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Remy Franck
Pizzicato, September 2020

…With this CD I have discovered a composer whose unreserved approach to music, a great power of imagination and no less outstanding orchestral artistry make this eclectic programme a true and enriching discovery. © 2020 Pizzicato Read complete review

David Denton
David's Review Corner, September 2020

The conductor, Fabrice Bollon, has been reawakening on disc the neglected works of Alberic Magnard. Now the composer, Fabrice Bollon, offers his own music.

Born in 1965, he has created a very active career in the concert hall and theatres, and is presently the General Music Director and Chief Conductor at Germany’s Theatre Freiburg, having appeared as guest conductor with many major European orchestras. Coming late in life to composition, his portfolio of scores is still quite small, and all three works on this new release are derived from concert performances. The earliest, from 2008, is the Concerto for Electronic Cello and Orchestra and carries the appended name, Four Lessons of Darkness. It is the first such work written for the instrument, and adds to the conventional instrument ‘electronic effects such as reverb, distortion and loops’. However achieved, it adds to the conventional instrument many interesting new sounds in the four movements—Earth, Fire, Water and Air. Written for the soloist, Johannes Moser, the virtuoso, who is here appearing with the Saarbrucken Deutsche Radio Philharmonie, its members required to be a hot funk/jazz group. Six years later Your Voice Out of the Lamb, calls for a solo recorder, keyboards and cello, and is a reply to the rock band, Genesis, and their Lamb Lies Down on Broadway, Bollon adding that ‘our reaction to his work will much depend on our knowledge of that album’. I don’t know it, but still enjoyed the sounds that Bollon has crafted for a fabulous performance from the famous recorder player, Michala Petri. 2018 brought Dogmatic Pleasures, three virtuoso orchestral fun pieces. The disc requires that you enjoy jazz, and then this stunning German radio recording of World Premiere Recordings will give you much pleasure. © 2020 David’s Review Corner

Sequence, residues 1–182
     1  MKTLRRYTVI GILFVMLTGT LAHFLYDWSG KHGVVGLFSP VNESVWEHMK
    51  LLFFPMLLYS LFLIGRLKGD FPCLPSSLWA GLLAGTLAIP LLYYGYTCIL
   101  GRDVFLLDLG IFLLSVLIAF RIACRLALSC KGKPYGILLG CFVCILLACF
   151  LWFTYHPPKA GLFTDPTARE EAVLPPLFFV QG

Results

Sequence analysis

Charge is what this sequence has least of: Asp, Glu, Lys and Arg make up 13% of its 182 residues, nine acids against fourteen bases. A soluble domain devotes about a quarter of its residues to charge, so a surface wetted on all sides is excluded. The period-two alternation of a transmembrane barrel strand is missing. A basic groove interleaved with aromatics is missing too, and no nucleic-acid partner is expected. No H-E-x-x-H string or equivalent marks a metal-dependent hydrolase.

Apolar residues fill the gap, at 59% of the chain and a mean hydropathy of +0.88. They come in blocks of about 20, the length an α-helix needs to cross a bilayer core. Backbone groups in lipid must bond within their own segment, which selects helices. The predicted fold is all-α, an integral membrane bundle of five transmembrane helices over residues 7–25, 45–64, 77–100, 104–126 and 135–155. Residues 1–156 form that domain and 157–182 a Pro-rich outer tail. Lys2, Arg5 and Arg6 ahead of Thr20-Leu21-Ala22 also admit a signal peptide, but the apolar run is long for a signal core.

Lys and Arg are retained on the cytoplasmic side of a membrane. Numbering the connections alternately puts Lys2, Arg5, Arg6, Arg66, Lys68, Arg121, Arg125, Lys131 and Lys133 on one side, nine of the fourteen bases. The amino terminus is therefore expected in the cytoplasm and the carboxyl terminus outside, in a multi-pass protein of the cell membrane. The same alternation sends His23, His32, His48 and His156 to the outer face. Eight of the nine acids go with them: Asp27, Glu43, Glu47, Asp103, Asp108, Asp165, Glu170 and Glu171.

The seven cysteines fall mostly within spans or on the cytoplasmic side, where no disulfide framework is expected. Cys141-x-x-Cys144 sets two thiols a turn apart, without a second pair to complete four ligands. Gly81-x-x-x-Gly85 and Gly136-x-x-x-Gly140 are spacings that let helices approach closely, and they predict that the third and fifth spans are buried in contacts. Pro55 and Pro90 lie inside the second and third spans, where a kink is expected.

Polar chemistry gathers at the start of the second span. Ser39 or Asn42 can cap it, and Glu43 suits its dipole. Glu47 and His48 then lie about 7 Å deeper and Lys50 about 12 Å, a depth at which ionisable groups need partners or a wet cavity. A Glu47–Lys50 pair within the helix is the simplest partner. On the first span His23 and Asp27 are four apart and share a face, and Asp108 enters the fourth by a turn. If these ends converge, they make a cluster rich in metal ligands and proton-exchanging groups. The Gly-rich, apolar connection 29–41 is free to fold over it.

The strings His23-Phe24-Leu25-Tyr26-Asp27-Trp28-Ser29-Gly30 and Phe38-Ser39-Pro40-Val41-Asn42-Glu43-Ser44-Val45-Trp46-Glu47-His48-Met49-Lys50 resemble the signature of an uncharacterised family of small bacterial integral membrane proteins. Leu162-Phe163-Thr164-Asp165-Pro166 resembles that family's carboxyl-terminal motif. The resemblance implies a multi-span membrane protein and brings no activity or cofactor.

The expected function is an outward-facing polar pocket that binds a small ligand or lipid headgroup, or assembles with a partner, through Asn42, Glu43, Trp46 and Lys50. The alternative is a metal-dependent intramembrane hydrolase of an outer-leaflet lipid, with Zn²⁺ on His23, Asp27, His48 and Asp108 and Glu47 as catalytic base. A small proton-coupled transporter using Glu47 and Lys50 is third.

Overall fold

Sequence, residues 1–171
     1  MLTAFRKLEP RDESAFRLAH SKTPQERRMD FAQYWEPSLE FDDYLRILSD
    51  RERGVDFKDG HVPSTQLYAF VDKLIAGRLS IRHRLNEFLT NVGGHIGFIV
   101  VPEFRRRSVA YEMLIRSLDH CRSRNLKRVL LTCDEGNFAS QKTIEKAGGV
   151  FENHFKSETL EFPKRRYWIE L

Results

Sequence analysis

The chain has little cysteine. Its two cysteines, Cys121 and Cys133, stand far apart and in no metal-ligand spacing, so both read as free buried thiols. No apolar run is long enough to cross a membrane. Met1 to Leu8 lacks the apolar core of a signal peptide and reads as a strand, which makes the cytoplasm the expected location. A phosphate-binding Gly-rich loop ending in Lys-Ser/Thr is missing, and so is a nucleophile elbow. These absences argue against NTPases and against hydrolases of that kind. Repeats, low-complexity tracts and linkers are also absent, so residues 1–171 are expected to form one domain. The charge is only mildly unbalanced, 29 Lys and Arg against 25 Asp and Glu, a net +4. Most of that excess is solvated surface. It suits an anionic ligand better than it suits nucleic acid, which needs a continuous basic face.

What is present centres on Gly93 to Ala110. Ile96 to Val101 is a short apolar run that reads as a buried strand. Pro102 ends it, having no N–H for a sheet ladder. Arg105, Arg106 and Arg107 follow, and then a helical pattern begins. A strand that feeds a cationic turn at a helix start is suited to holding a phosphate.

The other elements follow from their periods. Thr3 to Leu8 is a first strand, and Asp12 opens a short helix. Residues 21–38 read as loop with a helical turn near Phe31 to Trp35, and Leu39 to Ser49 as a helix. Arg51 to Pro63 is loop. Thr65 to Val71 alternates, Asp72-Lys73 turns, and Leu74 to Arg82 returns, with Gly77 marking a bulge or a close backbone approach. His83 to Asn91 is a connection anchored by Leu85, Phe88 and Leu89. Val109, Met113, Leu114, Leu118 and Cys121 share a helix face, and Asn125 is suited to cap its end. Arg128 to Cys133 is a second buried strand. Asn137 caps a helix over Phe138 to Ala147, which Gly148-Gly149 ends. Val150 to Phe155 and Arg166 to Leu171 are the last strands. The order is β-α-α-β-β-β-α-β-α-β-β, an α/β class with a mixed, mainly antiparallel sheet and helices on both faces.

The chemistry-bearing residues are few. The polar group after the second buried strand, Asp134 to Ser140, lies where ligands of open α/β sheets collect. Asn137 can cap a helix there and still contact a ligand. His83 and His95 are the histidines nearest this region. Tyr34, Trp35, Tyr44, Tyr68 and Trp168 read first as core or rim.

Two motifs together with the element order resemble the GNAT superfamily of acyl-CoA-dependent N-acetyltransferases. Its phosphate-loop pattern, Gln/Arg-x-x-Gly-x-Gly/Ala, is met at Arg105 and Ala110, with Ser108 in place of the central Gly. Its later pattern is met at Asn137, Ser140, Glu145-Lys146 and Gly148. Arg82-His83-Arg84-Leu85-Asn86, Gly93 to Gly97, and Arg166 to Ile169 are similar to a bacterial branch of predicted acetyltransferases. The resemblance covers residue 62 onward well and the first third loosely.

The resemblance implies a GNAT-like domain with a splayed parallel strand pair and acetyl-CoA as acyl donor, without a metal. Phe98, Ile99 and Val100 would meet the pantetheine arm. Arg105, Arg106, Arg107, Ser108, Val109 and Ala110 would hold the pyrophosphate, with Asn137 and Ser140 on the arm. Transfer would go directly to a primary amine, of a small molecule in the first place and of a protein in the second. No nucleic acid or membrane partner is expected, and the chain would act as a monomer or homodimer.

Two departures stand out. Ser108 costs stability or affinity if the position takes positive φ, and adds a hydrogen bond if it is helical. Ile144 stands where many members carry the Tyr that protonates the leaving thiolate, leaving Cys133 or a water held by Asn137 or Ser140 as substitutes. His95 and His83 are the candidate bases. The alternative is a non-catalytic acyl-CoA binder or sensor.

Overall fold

Records International, September 2020

The Concerto for Electric Cello and Orchestra is a powerful, dark, unsettling work, using the full palette of electronically augmented sounds available to the solo instrument. The movements are named for the four elements; Earth, a static, dark lament with sudden, impassioned outbursts; Fire, appropriately volcanic, the cello employing the kind of thick distorted processing more usually associated with electric guitars, the rhythms pounding and ominous; Water, ethereal and insubstantial in loops, eddies and waves; and Air, energetic and raucous, then ominous and expectant, incorporating tributes to Miles Davis and Jimi Hendrix, and ending explosively with a percussive psychedelic funk cadenza for drums and heavily processed cello. Dogmatic Pleasures are relatively conventional, lighthearted orchestral pieces, which hint at Bollon’s long-standing working partnership with Kagel, the first built of scales ‘in the styles of’; the second a huge impressive march on one chord; the third busy, repetitive and jazzy, with a toe-tapping Latin rhythm. © 2020 Records International Read complete review

Lynn René Bayley
The Art Music Lounge, August 2020

This is surely one of the best recordings of the year as well as one of the most original! © 2020 The Art Music Lounge Read complete review

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